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Nothing Daunted: The Unexpected Education of Two Society Girls in the West by [Wickenden, Dorothy]
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Nothing Daunted: The Unexpected Education of Two Society Girls in the West Kindle Edition

5.0 out of 5 stars 1 customer review

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Product Description


“If you were impressed with Laura Hillenbrand’s efforts to breathe life into Seabiscuit—or wax romantic about Willa Cather’s classic My Antonia—this is a book for you.”—Grand Rapids Press

Product Description

The acclaimed and captivating true story of two restless society girls who left their affluent lives to “rough it” as teachers in the wilds of Colorado in 1916.

In the summer of 1916, Dorothy Woodruff and Rosamond Underwood, bored by society luncheons, charity work, and the effete men who courted them, left their families in Auburn, New York, to teach school in the wilds of northwestern Colorado. They lived with a family of homesteaders in the Elkhead Mountains and rode to school on horseback, often in blinding blizzards. Their students walked or skied, in tattered clothes and shoes tied together with string. The young cattle rancher who had lured them west, Ferry Carpenter, had promised them the adventure of a lifetime. He hadn’t let on that they would be considered dazzling prospective brides for the locals.

Nearly a hundred years later, Dorothy Wickenden, the granddaughter of Dorothy Woodruff, found the teachers’ buoyant letters home, which captured the voices of the pioneer women, the children, and other unforgettable people the women got to know. In reconstructing their journey, Wickenden has created an exhilarating saga about two intrepid women and the “settling up” of the West.

Product Details

  • Format: Kindle Edition
  • File Size: 9289 KB
  • Print Length: 306 pages
  • Publisher: Scribner (June 21 2011)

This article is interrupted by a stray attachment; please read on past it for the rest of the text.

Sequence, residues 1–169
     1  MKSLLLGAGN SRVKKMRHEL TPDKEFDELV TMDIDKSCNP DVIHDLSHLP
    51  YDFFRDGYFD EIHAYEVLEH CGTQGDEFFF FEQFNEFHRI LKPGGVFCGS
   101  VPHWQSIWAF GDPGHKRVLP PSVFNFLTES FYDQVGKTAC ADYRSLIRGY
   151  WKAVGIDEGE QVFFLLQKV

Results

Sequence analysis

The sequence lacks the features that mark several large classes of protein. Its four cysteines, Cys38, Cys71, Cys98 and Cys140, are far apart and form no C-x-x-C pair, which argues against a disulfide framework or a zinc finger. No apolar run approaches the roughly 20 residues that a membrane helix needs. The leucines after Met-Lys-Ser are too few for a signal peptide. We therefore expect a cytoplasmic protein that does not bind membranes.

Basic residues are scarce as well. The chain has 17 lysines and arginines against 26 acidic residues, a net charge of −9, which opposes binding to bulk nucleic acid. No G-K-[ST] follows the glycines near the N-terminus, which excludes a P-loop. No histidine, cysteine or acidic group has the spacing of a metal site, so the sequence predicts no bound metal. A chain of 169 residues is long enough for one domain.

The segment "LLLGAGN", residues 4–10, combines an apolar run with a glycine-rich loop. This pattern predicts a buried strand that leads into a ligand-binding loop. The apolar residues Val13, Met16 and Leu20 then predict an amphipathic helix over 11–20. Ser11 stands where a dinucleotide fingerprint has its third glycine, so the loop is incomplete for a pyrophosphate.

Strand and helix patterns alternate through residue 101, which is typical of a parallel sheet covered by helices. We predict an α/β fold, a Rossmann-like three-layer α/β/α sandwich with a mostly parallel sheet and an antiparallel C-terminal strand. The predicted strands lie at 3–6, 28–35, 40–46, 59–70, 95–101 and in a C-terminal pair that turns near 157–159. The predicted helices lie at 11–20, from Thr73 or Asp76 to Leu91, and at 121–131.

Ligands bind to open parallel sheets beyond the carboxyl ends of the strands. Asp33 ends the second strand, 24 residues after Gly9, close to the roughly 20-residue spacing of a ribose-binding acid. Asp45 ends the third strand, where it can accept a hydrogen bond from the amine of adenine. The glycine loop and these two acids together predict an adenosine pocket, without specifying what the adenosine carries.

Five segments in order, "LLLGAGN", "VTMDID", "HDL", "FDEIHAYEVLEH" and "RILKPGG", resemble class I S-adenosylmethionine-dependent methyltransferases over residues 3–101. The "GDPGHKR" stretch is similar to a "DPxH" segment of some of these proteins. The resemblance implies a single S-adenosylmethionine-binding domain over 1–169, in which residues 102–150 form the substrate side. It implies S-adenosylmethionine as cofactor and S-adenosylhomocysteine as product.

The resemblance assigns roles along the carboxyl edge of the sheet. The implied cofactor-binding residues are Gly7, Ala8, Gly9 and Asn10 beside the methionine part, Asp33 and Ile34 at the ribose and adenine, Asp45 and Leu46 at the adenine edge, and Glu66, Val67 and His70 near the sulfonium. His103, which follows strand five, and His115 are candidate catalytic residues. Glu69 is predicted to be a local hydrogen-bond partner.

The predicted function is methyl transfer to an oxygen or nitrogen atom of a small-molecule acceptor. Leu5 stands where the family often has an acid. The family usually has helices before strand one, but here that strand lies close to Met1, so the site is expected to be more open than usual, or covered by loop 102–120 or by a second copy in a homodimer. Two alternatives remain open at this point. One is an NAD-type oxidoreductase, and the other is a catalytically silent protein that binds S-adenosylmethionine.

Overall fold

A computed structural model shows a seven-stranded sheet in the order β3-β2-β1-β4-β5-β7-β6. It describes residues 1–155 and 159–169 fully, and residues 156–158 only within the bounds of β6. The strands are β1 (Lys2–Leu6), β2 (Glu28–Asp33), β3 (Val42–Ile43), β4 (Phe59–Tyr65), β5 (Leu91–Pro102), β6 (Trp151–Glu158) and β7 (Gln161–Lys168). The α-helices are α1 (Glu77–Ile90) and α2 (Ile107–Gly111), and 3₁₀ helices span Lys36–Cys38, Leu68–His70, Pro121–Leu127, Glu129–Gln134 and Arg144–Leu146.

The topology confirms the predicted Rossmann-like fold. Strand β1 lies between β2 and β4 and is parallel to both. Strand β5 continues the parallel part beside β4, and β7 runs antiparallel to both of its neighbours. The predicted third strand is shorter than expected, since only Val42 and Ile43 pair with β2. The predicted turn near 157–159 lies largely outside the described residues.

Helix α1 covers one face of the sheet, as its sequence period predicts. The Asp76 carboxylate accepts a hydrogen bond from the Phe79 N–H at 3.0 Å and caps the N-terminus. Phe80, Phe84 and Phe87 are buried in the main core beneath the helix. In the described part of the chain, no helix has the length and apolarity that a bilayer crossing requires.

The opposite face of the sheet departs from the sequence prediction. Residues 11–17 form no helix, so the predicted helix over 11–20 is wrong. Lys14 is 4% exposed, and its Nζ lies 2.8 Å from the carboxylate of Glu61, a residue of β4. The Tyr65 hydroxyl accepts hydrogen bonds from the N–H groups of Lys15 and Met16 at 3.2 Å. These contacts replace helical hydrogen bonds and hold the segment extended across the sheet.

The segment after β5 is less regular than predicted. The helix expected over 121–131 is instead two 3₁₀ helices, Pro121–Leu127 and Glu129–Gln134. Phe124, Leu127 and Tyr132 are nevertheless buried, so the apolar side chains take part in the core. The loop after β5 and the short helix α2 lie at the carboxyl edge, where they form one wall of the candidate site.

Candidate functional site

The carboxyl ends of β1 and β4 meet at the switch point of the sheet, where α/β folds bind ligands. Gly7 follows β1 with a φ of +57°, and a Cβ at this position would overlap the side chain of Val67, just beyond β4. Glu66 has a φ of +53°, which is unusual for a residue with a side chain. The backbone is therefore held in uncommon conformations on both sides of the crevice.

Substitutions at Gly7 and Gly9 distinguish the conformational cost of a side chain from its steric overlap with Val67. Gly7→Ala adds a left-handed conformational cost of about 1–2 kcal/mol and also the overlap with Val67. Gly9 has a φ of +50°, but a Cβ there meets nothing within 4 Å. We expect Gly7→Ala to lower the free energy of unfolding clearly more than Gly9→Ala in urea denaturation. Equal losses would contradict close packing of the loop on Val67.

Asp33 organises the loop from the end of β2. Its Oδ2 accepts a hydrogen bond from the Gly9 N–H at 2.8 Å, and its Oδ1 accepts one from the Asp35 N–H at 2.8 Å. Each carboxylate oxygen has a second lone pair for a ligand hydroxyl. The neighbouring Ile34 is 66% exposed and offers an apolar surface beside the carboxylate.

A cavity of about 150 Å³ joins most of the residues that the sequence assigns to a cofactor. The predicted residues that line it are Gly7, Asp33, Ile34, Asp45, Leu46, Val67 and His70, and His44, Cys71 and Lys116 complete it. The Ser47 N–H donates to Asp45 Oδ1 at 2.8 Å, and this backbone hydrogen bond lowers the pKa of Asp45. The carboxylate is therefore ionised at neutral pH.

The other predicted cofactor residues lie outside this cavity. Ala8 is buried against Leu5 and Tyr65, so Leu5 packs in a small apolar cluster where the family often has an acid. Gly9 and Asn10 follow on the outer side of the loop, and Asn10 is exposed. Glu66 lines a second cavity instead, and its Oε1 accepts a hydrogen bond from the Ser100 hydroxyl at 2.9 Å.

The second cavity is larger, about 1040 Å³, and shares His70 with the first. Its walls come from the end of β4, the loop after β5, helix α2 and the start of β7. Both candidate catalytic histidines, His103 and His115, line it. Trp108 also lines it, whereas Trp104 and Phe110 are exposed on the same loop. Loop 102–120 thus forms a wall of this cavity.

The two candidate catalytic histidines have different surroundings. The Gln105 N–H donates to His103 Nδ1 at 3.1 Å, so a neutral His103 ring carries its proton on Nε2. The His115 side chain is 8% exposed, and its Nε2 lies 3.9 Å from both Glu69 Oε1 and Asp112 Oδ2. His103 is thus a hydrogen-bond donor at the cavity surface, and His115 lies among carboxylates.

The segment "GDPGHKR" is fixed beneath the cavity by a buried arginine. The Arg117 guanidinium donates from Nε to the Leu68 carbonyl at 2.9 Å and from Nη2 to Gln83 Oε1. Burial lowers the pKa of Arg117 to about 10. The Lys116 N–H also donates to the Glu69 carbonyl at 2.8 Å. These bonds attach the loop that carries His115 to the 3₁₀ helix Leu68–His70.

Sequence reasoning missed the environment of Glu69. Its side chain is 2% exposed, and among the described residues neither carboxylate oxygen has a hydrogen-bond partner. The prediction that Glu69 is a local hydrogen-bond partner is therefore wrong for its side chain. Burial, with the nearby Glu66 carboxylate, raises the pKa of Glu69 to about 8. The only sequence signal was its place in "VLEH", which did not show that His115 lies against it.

• Sold by: Simon & Schuster Canada, Inc.
  • Language: English
  • ASIN: B004G8QNG2
  • Text-to-Speech: Not enabled
  • X-Ray:
  • Word Wise: Enabled
  • Enhanced Typesetting: Enabled
  • Average Customer Review: 5.0 out of 5 stars 1 customer review
  • Amazon Bestsellers Rank: #784,595 Paid in Kindle Store (See Top 100 Paid in Kindle Store)
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Most Helpful Customer Reviews on (beta) HASH(0x98cfc6e4) out of 5 stars 312 reviews
117 of 124 people found the following review helpful
HASH(0x9a9737ec) out of 5 stars Pure Americana June 21 2011
By Story Circle Book Reviews - Published on
Format: Hardcover
Nothing Daunted: The Unexpected Education of Two Society Girls in the West, paints a picture of the lives of two Victorian women who break from tradition to pursue their youthful passions. The author's grandmother and her friend received the best education available to women at the time and still yearned for some real world experiences. Formal education at Smith College, and learning abroad both paled in comparison to the time Dorothy Woodruff spent out West as a "working girl."

Woodruff's granddaughter, Dorothy Wickenden, tells the story of these two individuals who were brought together for nine months in Elkland, Colorado. A portrait emerges of two worlds in 1916--the predictable, comfortable life in the upper-class society of the industrialized East Coast and the remote, hardscrabble life on the western frontier. The author breathes life into the stories of men and women on the frontier by researching and reconstructing Dorothy Woodruff's letters and memorabilia.